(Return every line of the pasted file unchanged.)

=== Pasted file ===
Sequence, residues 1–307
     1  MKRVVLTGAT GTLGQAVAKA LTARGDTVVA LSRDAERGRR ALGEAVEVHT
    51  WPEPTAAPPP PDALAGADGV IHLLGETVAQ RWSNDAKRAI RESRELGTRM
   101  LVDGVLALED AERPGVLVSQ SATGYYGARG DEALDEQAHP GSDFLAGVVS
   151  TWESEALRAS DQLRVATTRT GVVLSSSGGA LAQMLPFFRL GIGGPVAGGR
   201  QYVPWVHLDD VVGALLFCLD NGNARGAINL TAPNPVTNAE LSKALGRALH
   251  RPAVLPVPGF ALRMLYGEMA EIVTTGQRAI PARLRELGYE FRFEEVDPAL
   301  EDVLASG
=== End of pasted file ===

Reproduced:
Sequence, residues 1–307
     1  MKRVVLTGAT GTLGQAVAKA LTARGDTVVA LSRDAERGRR ALGEAVEVHT
    51  WPEPTAAPPP PDALAGADGV IHLLGETVAQ RWSNDAKRAI RESRELGTRM
   101  LVDGVLALED AERPGVLVSQ SATGYYGARG DEALDEQAHP GSDFLAGVVS
   151  TWESEALRAS DQLRVATTRT GVVLSSSGGA LAQMLPFFRL GIGGPVAGGR
   201  QYVPWVHLDD VVGALLFCLD NGNARGAINL TAPNPVTNAE LSKALGRALH
   251  RPAVLPVPGF ALRMLYGEMA EIVTTGQRAI PARLRELGYE FRFEEVDPAL
   301  EDVLASG